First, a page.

Airbus and parent company fire two top executives

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Noël Forgeard, the onetime protégé of Jacques Chirac, has been ousted from his position as co—CEO of Airbus parent EADS.  Also 'resigning' is the German co—CEO of Airbus itself, Gustav Humbert. The two had been all but openly squabbling over responsibility for the delays in the production of the A 380 superjumbo jet.

Both men are being replaced by politically—connected members of the French business—government elite. Forgeard apparently remains under investigation on suspicion of insider trading in his family's sale of stock just prior to the announcement of bad news which drove down the stock price a quarter in one day, his ultimate fate is unclear.

One has to question how far the reform really will go at Airbus. Forgeard is being replaced with Louis Gallois, currently head of SNCF, the French state—owned railway and Humbert with Christian Streiff, former deputy CEO of French building materials group Saint—Gobain. Humbert does have an aerospace background, as head of Aerospatiale, best known as builder of the Concorde, which built and sold only a few copies, hardly an auspicious omen, for a company whose order book for the A 380 has languished. Nevertheless, this was ancient history by the time Humbert led the company, which was folded into Airbus.

There is as yet no sign of structural reform at EADS or Airbus. The awkward co—CEO designation remains in place at both EADS and Airbus. Although it is being said by EADS that Airbus will be more thoroughly integrated with EADS, the precise nature of the changes is yet to be revealed. Dominique de Villepin's promise to rebuild the management structure 'from scratch' is apparently inoperative.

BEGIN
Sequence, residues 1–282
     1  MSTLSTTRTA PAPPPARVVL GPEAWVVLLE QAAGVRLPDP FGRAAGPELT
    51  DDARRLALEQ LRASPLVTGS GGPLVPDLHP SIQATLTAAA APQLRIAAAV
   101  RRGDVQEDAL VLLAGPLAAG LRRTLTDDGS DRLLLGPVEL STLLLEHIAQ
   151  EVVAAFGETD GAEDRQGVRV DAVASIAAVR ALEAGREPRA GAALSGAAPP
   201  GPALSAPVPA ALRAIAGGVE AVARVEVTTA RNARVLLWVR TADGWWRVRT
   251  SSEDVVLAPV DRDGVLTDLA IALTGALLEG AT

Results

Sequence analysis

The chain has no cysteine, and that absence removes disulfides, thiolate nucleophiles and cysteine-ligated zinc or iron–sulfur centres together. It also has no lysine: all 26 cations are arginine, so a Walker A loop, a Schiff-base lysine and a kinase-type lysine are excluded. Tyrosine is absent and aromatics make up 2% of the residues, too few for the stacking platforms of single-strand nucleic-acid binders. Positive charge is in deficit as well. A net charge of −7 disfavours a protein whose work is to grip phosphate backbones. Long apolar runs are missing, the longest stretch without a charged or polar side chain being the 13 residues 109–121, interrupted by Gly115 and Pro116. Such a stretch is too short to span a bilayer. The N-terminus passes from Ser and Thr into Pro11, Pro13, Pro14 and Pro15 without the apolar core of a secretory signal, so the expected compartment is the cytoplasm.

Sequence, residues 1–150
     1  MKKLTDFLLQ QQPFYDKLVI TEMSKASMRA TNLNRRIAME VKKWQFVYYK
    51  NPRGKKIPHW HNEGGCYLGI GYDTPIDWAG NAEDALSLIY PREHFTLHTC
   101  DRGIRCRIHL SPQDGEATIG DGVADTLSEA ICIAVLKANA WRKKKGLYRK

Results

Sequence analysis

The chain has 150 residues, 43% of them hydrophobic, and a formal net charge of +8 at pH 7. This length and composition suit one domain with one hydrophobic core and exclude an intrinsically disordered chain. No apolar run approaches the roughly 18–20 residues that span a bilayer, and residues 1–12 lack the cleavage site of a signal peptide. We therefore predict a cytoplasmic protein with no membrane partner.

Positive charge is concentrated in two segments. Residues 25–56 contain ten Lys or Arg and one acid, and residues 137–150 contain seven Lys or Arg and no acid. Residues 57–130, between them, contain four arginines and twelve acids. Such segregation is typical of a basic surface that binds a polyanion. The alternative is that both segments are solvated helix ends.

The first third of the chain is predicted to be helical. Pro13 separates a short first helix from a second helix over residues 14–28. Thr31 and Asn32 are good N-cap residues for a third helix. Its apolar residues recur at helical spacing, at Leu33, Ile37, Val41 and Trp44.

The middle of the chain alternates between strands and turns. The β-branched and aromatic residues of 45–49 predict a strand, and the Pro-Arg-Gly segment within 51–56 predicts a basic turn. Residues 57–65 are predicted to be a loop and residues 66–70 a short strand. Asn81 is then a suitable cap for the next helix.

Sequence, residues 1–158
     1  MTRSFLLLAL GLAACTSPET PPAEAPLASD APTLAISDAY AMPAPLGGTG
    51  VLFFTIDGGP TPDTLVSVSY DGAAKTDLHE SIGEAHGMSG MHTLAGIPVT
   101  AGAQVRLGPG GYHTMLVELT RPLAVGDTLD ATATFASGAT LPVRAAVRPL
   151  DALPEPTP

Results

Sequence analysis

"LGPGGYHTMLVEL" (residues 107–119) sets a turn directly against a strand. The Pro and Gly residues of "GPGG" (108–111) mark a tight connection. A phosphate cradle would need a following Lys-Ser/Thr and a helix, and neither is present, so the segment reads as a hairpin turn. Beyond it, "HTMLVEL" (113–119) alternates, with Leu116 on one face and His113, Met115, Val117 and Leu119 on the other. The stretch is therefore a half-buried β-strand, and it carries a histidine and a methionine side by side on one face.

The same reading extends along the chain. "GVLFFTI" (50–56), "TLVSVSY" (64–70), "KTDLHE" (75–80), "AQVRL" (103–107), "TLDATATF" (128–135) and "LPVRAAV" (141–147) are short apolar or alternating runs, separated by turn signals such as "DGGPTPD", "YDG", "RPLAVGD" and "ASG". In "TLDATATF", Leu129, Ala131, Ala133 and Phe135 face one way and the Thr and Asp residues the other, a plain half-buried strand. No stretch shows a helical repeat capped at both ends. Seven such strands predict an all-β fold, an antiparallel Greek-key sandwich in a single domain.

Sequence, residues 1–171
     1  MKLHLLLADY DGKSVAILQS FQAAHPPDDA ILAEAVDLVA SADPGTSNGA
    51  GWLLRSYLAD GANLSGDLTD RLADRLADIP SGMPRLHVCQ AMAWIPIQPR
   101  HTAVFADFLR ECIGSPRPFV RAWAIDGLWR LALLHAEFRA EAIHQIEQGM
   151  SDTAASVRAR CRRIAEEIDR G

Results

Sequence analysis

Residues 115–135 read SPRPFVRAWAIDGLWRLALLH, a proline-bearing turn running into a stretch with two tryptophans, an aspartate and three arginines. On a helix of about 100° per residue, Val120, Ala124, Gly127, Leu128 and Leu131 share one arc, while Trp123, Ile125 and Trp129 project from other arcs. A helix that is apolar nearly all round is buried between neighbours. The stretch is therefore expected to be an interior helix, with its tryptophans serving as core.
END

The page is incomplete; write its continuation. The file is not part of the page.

It appears to some informed observers that highly politicized nature of Airbus remains, and may even be reinforced

'The major shareholders clearly recognized the need for change, but this is like treating a broken leg with a band—aid,'' said Doug McVitie, managing director of Arran Aerospace, a forecasting company based in Dinan, France. 'They need to streamline the management structure and have one CEO with complete authority. That they haven't done yet shows this is still a Franco— German political entity.''

Other observers put a better gloss on the matter:

'This is a strong decisive move which is bound to reinspire confidence,'' said Richard Aboulafia, vice president at Teal Group, a consulting company in Fairfax, Virginia.

The elevation of Gallois has meanwhile set off a political musical chairs game within France: 

Gallois' successor at the SNCF railways, a sensitive post in the run—up to French elections next year, is to be Anne—Marie Idrac, the head of Paris public transport operator RATP, Breton said. Idrac would be replaced at the RATP by Pierre Mongin, chief of staff at Prime Minister Dominique de Villepin's office, he added.

Meanwhile, an important deadline for Airbus looms in mid—July, the Farnborough Air Show in England, at which Airbus is expected to announce plans for its competitor to the Boeing 787. If the company, as expected, announces an all—new model, the source of financing is almost certain to become a political issue. The deep involvement of French Finance Minister Thierry Breton in the discussions of the past 9 days does suggest that some form of state finance will be important. If so, the United States can be expected to take strong measures.

As yet unclear, but supposed to have been announced by now, is the price British Aerospace is to receive for its 20% ownership of Airbus. The planned sale was announced prior to the bad news which drove down EADS' share price. There has been public mention of a possible lawsuit if the price determined by an outside investment bank is deemed too low by BAe.

Hat tip:  Jack Risko, Dennis Sevakis

Thomas Lifson   7 2 06

Update: Rothschild, the investment bank hired to set a value on BAe's 20% stake in Airbus, has set the figure at 2.75 billion euros, or 3.5 billion dollars, considerably lower than the 5 billion euro figure which had been mentioned in some earlier reports. BAe shareholders must approve the transaction.